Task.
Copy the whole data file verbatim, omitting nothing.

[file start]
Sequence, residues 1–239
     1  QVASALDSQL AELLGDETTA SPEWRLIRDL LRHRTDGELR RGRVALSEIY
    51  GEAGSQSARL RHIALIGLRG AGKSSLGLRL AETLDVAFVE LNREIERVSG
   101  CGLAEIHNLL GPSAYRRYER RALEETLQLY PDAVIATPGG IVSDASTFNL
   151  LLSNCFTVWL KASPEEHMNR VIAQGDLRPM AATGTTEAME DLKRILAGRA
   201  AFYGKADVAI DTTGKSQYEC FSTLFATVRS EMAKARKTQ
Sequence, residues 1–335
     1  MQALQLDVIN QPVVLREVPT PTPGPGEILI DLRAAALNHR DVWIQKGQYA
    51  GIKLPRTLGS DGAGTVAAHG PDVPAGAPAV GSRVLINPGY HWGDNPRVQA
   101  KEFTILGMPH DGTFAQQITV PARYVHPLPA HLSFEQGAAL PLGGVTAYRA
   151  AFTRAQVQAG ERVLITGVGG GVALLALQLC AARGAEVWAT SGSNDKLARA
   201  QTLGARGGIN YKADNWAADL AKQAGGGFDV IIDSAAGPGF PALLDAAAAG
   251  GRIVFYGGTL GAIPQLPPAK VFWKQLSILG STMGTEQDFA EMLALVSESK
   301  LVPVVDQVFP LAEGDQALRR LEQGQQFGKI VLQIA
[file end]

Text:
Sequence, residues 1–239
     1  QVASALDSQL AELLGDETTA SPEWRLIRDL LRHRTDGELR RGRVALSEIY
    51  GEAGSQSARL RHIALIGLRG AGKSSLGLRL AETLDVAFVE LNREIERVSG
   101  CGLAEIHNLL GPSAYRRYER RALEETLQLY PDAVIATPGG IVSDASTFNL
   151  LLSNCFTVWL KASPEEHMNR VIAQGDLRPM AATGTTEAME DLKRILAGRA
   201  AFYGKADVAI DTTGKSQYEC FSTLFATVRS EMAKARKTQ
Sequence, residues 1–335
     1  MQALQLDVIN QPVVLREVPT PTPGPGEILI DLRAAALNHR DVWIQKGQYA
    51  GIKLPRTLGS DGAGTVAAHG PDVPAGAPAV GSRVLINPGY HWGDNPRVQA
   101  KEFTILGMPH DGTFAQQITV PARYVHPLPA HLSFEQGAAL PLGGVTAYRA
   151  AFTRAQVQAG ERVLITGVGG GVALLALQLC AARGAEVWAT SGSNDKLARA
   201  QTLGARGGIN YKADNWAADL AKQAGGGFDV IIDSAAGPGF PALLDAAAAG
   251  GRIVFYGGTL GAIPQLPPAK VFWKQLSILG STMGTEQDFA EMLALVSESK
   301  LVPVVDQVFP LAEGDQALRR LEQGQQFGKI VLQIA